US Pharm. 2021;46(12):18-20.
ABSTRACT: Probiotics are live microorganisms that are available without a prescription for use as dietary supplements. In the United States, millions of adults have taken some form of probiotic to treat or prevent a variety of conditions, most commonly gastrointestinal (GI) disorders. Based on the widespread use of these products specifically for improvement of GI health, in 2020 the American Gastroenterological Association published clinical practice guidelines with evidence-based recommendations for probiotics in the treatment and/or prevention of prioritized disorders. Pharmacists should incorporate these recommendations into patient care and educational activities as appropriate, and they should understand the variations in available probiotic formulations and combinations as well as the need for more research to determine the safety and potential health benefits of different probiotic strains.
The human gut is thought to contain trillions of microbial cells of different species that are responsible for various metabolic functions, protect against disease-causing bacteria, and maintain overall intestinal health. Disruptions to the gut environment, often caused by bacterial infections, dietary changes, or antibiotic use, can contribute to the development of various chronic diseases. Reintroducing beneficial bacteria, which are present in probiotic products, has been found instrumental in restoring gut microbial homeostasis.1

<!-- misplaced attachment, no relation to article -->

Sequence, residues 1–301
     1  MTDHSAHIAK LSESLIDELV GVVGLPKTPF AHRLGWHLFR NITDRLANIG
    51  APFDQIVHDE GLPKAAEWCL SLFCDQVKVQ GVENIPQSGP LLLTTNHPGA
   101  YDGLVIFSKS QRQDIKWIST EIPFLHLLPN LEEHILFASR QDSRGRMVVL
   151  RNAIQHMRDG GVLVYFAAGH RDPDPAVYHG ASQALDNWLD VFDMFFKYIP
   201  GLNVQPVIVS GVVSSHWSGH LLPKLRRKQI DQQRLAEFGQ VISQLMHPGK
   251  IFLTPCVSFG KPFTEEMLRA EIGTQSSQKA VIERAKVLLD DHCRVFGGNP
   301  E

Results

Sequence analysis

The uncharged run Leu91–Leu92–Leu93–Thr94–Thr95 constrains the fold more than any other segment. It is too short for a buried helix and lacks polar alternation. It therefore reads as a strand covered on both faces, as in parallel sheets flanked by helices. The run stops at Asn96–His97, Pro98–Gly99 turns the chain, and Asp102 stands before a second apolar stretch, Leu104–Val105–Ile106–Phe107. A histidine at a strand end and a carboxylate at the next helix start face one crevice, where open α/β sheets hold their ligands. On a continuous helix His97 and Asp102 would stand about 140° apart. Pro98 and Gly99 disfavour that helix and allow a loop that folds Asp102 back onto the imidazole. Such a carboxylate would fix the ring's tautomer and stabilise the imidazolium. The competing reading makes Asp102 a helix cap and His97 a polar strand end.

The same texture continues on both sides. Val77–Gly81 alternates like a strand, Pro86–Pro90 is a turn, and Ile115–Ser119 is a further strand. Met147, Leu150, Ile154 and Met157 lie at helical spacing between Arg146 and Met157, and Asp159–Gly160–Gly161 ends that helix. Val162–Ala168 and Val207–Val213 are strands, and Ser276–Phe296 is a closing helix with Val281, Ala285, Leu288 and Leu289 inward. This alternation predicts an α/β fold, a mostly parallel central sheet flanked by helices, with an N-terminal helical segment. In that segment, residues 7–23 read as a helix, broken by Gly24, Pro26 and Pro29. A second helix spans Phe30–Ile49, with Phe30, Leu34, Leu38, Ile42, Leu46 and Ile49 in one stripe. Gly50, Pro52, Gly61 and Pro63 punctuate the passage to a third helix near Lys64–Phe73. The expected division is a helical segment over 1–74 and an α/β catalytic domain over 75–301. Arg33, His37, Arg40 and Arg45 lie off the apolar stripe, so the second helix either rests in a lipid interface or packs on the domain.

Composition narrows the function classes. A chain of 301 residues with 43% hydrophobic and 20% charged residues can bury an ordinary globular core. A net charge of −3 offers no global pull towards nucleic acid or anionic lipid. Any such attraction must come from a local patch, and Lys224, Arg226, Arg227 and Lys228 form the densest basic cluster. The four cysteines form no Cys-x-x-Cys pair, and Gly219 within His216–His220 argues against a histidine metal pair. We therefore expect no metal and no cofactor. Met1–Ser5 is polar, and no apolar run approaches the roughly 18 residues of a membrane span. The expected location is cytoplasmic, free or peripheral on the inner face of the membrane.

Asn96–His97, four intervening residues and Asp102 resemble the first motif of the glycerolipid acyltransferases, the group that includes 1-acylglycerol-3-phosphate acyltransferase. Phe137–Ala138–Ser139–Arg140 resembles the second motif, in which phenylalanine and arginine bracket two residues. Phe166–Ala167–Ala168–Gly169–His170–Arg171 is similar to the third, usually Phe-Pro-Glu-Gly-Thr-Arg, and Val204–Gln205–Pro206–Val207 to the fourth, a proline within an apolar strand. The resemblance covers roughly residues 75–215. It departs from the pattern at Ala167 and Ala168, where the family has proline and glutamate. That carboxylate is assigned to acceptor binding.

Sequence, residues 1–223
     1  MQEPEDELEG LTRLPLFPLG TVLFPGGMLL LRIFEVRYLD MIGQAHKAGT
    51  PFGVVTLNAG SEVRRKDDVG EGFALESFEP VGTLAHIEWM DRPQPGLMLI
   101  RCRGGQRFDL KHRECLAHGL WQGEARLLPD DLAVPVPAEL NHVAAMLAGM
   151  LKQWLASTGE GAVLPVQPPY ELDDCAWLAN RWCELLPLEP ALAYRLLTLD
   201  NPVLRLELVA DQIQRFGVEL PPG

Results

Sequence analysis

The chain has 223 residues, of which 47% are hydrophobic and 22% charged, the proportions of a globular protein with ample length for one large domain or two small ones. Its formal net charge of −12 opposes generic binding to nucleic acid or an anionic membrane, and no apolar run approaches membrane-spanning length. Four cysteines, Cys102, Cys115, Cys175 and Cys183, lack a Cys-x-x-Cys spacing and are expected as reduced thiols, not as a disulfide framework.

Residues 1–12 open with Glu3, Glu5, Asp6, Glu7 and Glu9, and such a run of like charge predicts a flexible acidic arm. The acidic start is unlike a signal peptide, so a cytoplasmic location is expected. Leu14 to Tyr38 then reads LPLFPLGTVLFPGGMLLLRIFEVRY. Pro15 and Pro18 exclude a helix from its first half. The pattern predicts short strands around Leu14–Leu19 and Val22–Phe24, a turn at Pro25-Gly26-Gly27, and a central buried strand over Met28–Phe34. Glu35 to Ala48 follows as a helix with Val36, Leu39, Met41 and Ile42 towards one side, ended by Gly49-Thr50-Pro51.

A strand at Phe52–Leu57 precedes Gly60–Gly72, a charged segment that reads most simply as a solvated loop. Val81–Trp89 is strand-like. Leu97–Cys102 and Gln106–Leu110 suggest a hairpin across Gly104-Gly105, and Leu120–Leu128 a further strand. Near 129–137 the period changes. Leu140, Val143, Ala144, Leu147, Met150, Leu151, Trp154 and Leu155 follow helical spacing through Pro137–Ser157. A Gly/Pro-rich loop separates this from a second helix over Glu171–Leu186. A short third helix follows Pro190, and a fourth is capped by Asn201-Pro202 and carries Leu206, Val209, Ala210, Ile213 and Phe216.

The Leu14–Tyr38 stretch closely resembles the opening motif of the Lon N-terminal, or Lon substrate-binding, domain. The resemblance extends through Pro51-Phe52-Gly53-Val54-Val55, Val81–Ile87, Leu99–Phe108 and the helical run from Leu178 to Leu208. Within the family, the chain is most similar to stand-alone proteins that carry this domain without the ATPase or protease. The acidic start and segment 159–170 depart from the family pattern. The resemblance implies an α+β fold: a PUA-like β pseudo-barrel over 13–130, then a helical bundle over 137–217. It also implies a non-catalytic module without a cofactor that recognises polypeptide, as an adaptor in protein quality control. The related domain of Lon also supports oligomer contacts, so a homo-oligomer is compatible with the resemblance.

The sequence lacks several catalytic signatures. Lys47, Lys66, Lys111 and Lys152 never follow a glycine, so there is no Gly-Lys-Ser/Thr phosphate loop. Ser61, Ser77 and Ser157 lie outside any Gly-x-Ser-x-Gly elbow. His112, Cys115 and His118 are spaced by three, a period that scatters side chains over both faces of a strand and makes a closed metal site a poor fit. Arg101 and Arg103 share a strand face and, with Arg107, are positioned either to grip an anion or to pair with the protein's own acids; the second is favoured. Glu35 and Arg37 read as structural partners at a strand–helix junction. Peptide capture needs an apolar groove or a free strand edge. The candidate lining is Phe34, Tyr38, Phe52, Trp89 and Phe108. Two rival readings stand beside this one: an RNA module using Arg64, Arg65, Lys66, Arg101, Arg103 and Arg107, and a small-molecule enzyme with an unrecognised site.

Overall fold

The Food and Agriculture Organization and the World Health Organization define probiotics as “live microorganisms which when administered in adequate amounts confer a health benefit on the host.”2 Probiotics, which are available without a prescription, are added to a variety of food sources, such as cultured milk products, breakfast cereals, and infant formula, and are in some cosmetic products. For nutritional purposes, probiotics are available in both tablet and powder formulations. Over the past two decades, interest in the role of probiotics in improving various conditions has greatly increased, particularly among persons with gastrointestinal (GI) disorders.3,4 In 2012, a National Health Interview Survey found that approximately 4 million U.S. adults (1.6%) had used a probiotic product in the previous 30 days, making probiotics one of the most-used dietary supplements other than vitamins and minerals.5
Mechanisms of Action
The mechanisms of action for the benefits of probiotics are multifactorial, complex, and not entirely understood. In addition, it is difficult to find commonality with probiotics, as they are all not alike. Benefits seen with one species of probiotic cannot be generalized and assumed to occur with another. Some general mechanisms include 1) immunomodulation through induction of protective cytokines and suppression of proinflammatory cytokines in the GI mucosa; 2) displacement of pathogenic bacteria, thereby inhibiting invasion, adherence, and proliferation in the epithelium; 3) improvement of intestinal-barrier function; 4) protection from physiological stress through increased gamma-aminobutyric acid receptor expression in the brain; and 5) analgesic effects through mu-opioid and cannabinoid receptor induction in intestinal epithelial cells.3,6